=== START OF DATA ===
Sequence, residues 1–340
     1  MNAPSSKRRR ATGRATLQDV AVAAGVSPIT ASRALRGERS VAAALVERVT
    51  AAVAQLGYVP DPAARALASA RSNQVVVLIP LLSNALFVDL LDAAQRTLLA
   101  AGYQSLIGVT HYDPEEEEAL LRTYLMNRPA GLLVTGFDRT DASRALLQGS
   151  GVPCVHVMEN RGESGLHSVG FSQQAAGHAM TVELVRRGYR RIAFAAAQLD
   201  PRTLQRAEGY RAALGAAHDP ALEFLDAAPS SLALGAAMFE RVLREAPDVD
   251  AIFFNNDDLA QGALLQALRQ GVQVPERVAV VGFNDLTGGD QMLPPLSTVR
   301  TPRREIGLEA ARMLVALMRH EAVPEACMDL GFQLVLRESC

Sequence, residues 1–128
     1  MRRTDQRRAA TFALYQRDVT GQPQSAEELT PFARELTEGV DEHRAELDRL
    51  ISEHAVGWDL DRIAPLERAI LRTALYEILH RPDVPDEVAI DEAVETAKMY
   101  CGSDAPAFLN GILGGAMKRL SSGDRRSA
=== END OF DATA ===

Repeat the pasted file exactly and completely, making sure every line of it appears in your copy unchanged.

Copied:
Sequence, residues 1–340
     1  MNAPSSKRRR ATGRATLQDV AVAAGVSPIT ASRALRGERS VAAALVERVT
    51  AAVAQLGYVP DPAARALASA RSNQVVVLIP LLSNALFVDL LDAAQRTLLA
   101  AGYQSLIGVT HYDPEEEEAL LRTYLMNRPA GLLVTGFDRT DASRALLQGS
   151  GVPCVHVMEN RGESGLHSVG FSQQAAGHAM TVELVRRGYR RIAFAAAQLD
   201  PRTLQRAEGY RAALGAAHDP ALEFLDAAPS SLALGAAMFE RVLREAPDVD
   251  AIFFNNDDLA QGALLQALRQ GVQVPERVAV VGFNDLTGGD QMLPPLSTVR
   301  TPRREIGLEA ARMLVALMRH EAVPEACMDL GFQLVLRESC

Sequence, residues 1–128
     1  MRRTDQRRAA TFALYQRDVT GQPQSAEELT PFARELTEGV DEHRAELDRL
    51  ISEHAVGWDL DRIAPLERAI LRTALYEILH RPDVPDEVAI DEAVETAKMY
   101  CGSDAPAFLN GILGGAMKRL SSGDRRSA